Prophets were men raised up of God in times of declension and apostasy in Israel. They were primarily revivalists and patriots, speaking on behalf of God to the heart and conscience of the nation. The prophetic messages have a twofold character: first, that which was local and for the prophet's time; secondly, that which was predictive of the divine purpose in future. Often the prediction springs immediately from the local circumstances (e.g. Isaiah 7:1-11 with Isaiah 7:12-14).
It is necessary to keep this Israelitish character of the prophet in mind. Usually his predictive, equally with his local and immediate ministry, is not didactic and abstract, but has in view the covenant people, their sin and failure, and their glorious future. The Gentile is mentioned as used for the chastisement of Israel, as judged therefore, but also as sharing the grace that is yet to be shown toward Israel. The Church, corporately, is not in the vision of the O.T. prophet (Ephesians 3:1-6). The future blessing of Israel as a nation rests upon the Palestinian Covenant of restoration and conversion (Deuteronomy 30:1-9, refs.), and the Davidic Covenant of the Kingship of the Messiah, David's Son (2 Samuel 7:8-17, refs.), and this gives to predictive prophecy its Messianic character. The exaltation of Israel is secured in the kingdom, and the kingdom takes its power to bless from the Person of the King, David's Son, but also "Immanuel."
But as the King is also Son of Abraham (Matthew 1:1), the promised Redeemer, and as redemption is only through the sacrifice of Christ, so messianic prophecy of necessity presents Christ in a twofold character--a suffering Messiah (e.g. Isaiah 53), and a reigning Messiah (e.g. Isaiah 11). This duality, suffering and glory, weakness and power, involved a mystery which perplexed the prophets (1 Peter 1:10-12; Luke 24:26:27).
The solution of that mystery lies, as the New Testament makes clear, in the two advents-- the first advent to redemption through suffering; the second advent to the kingdom glory, when the national promises to Israel will be fulfilled (Matthew 1:21-23; Luke 2:28-35; 24:46-48, with (Luke 1:31-33,68-75); Matthew 2:2,6; 19:27,28; Acts 2:30-32; 15:14-16). The prophets indeed describe the advent in two forms which could not be contemporaneous (e.g. ; Zechariah 9:9; contra, 14:1-9), but to them it was not revealed that between the advent to suffering, and the advent to glory, would be accomplished certain "mysteries of the kingdom" (Matthew 13:11-16), not that, consequent upon Messiah's rejection, the new Testament Church would be called out. These were, to them, "mysteries hid in God" ( 3:1-10).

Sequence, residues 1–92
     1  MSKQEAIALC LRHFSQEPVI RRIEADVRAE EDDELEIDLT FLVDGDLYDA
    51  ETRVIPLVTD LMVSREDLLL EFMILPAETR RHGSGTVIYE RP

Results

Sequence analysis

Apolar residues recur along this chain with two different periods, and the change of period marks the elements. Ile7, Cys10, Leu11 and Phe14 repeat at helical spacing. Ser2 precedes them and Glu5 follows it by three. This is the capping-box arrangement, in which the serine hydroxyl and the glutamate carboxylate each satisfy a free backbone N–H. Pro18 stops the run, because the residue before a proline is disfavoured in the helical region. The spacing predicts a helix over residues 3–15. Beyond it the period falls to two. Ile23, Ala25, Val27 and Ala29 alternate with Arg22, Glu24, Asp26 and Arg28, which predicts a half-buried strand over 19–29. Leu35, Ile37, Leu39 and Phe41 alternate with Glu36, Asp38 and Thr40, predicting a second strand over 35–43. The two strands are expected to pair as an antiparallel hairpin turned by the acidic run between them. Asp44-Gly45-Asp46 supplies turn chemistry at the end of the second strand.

Speaking broadly, then, predictive prophecy is occupied with the fulfilment of the Palestinian and Davidic Covenants; the Abrahamic Covenant having also its place.
Gentile powers are mentioned as connected with Israel, but prophecy, save in Daniel, Obadiah, Jonah, and Nahum, is not occupied with Gentile world-history. Daniel, as will be see, has a distinctive character.
The predictions of the restoration from the Babylonian captivity at the end of seventy years, must be distinguished from those of the restoration from the present world-wide dispersion. The context is always clear. The Palestinian Covenant Deuteronomy 28:1-30:9; is the mould of predictive prophecy in its larger sense--national disobedience, world-wide dispersion, repentance, the return of the Lord, the regathering of Israel and establishment of the kingdom, the conversion and blessing of Israel, and the judgment of Israel's oppressors.
The true division of the prophets is into pre-exilic, viz., in Judah: Isaiah, Jeremiah (extending into the exile), Joel, Obadiah, Micah, Nahum, Habakkuk, Zephaniah. In Israel: Hosea, Amos, and Jonah. Exilic, Ezekiel and Daniel, both of Judah, but prophesying to the whole nation. Post-exilic, all of Judah: Haggai, Zechariah, and Malachi. The division into major and minor prophetic writings, based upon the mere bulk of the books, is unhistoric and non-chronological.